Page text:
Photos: Duluth dries out after record flooding
Heavy rain caused major flooding in Duluth, Minn. and up the North Shore of Lake Superior. Sinkholes swallowed cars as Duluth's stormwater system failed under the pressure of a flood not seen in over a century. The city is drying out, assessing damage and seeking a way forward.
- Two days after the flood, photographers from Duluth joined Minnesota Today to discuss their experience covering the flood, share stories from the last 48 hours and look ahead to the challenges the city will face.
- The nine photos below are discussed in the chat.
- Several cars were submerged in water at the intersection of Maple Grove Road and Mall Drive in Duluth on Wednesday. Many cars sat in the waters abandoned throughout the day, according to John Goodge. (Photo courtesy: Amanda Hansmeyer)
- Duluth residents looking for a good time headed down to the flooded intersection on Maple Grove Road and Mall Drive. After the threat of the flood subsided, the intersection took on a party atmosphere with people wading in water, kayaking and one group even heading into the waters with a motorboat. (Photo courtesy: Amanda Hansmeyer)
- Two girls play in the water flooded street on 59th Avenue West in Duluth. Photographer Amanda Hansmeyer said she was drawn to this scene because the girls were playing and engaging with the water, a contrast to other photos she shot throughout the day of people observing the flooding and damages from a distance. (Photo courtesy: Amanda Hansmeyer)
- Duluth's Cody Inn sustained heavy damage from the flood. Guests of the hotel were evacuated from the motel early Wednesday morning. (Photo courtesy: Amanda Hansmeyer)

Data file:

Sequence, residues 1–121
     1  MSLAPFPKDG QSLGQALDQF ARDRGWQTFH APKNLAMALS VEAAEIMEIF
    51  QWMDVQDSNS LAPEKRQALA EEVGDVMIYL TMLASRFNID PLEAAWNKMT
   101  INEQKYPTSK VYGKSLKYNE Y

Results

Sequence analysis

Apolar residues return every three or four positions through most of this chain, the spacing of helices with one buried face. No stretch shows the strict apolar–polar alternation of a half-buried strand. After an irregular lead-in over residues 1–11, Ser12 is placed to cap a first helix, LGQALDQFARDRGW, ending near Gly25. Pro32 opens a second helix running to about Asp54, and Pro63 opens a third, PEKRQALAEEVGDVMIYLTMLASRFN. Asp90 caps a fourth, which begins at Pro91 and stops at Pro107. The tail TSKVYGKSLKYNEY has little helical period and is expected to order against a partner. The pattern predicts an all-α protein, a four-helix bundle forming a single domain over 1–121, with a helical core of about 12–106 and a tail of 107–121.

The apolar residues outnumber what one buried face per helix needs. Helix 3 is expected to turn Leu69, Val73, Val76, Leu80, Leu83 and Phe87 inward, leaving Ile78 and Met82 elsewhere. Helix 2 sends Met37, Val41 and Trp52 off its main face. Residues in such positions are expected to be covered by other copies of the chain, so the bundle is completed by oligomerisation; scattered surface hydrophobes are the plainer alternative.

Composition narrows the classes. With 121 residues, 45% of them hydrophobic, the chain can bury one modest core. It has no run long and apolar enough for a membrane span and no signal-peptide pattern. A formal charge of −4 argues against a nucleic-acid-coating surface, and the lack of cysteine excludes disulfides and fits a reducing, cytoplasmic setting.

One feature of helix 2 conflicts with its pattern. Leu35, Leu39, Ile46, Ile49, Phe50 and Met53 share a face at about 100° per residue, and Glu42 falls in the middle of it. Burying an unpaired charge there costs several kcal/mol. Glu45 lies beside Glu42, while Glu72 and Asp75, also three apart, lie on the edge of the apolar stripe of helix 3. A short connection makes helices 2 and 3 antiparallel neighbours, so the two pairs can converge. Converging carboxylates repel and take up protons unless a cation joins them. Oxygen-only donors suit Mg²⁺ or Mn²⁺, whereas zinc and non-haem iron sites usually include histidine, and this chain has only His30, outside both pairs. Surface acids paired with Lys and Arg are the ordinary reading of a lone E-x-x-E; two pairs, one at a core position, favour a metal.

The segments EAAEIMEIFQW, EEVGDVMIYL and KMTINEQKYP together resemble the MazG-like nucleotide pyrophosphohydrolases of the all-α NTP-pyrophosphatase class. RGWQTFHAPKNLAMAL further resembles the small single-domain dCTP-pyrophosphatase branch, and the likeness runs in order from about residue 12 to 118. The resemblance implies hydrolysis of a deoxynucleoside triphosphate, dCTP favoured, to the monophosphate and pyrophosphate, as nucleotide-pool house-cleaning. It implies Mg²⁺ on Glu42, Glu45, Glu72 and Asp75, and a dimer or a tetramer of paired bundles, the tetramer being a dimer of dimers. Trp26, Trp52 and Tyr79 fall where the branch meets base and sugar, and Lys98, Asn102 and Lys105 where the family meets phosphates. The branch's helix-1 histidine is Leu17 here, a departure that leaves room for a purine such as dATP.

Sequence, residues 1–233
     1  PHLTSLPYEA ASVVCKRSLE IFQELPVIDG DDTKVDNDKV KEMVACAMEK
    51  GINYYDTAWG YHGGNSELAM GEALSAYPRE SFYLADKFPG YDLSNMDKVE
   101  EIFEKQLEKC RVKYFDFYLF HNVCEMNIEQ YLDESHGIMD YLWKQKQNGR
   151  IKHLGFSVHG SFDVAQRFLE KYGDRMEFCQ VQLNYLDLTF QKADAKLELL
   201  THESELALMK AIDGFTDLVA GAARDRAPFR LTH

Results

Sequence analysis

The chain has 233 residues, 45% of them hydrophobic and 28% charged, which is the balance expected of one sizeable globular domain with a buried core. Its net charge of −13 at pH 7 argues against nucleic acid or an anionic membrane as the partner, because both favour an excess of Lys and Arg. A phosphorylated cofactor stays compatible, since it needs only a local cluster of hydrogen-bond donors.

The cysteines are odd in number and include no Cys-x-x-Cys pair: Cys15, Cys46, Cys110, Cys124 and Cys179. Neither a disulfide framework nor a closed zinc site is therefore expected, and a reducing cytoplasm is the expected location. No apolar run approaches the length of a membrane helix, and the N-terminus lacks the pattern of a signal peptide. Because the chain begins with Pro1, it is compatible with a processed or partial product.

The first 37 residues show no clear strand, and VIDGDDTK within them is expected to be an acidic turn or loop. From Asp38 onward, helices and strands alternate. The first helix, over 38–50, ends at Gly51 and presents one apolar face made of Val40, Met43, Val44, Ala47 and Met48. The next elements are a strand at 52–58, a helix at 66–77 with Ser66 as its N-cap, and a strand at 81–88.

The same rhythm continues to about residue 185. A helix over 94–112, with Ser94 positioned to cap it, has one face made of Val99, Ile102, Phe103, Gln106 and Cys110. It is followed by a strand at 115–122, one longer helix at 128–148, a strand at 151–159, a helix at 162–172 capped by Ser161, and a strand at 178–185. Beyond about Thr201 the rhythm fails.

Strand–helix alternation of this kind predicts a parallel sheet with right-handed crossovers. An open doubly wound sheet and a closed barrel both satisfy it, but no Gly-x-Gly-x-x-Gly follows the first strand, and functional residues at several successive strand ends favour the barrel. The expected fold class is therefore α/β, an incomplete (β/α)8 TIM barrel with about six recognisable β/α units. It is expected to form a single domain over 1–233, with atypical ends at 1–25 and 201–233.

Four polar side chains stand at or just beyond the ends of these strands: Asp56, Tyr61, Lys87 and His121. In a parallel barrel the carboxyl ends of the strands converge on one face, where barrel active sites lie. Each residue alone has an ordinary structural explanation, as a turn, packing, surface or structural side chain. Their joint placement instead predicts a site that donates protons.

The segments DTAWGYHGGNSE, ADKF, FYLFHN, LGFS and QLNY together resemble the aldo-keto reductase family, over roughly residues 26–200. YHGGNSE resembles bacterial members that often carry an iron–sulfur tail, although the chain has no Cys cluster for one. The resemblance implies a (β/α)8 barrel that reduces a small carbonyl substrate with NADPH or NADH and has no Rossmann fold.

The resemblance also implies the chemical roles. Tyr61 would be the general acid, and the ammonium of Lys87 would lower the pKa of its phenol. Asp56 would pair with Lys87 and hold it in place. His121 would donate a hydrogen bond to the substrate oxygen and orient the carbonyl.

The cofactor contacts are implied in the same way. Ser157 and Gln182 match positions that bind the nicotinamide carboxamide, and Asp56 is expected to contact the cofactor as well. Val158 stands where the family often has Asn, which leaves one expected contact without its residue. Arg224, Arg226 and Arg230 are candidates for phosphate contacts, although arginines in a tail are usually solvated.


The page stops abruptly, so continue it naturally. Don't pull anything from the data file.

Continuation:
- A young girl photographs a gaping sinkhole near her home in Duluth. (Photo courtesy: Amanda Hansmeyer)
- Streets like this one near the top of Vermilion Road in eastern Duluth experienced total wreckage after Wednesday's flood. (Photo courtesy: John Goodge)
- Floodwater eroded Duluth roads causing sinkholes throughout the city, causing some streets to be impassable. (Photo courtesy: John Goodge)
- Many Duluth photographers captured scenes of the footbridge in Cogdon Park getting pummeled with water from Tischer Creek. "Normally this walk bridge is several meters over the water," Duluth resident John Goodge said. (Photo courtesy: John Goodge)
- Tischer creek overflowed Wednesday sending raging waters through the 4th St. bridge. (Photo courtesy: Mickey Pearson)
Road to recovery
- A parade of politicians made their way through Duluth with promises to petition the federal government with requests for aid. Duluth Mayor Don Ness estimates the city will need $50-80 million to repair flood damage.
Did you find this story interesting? like or comment as 1 already did!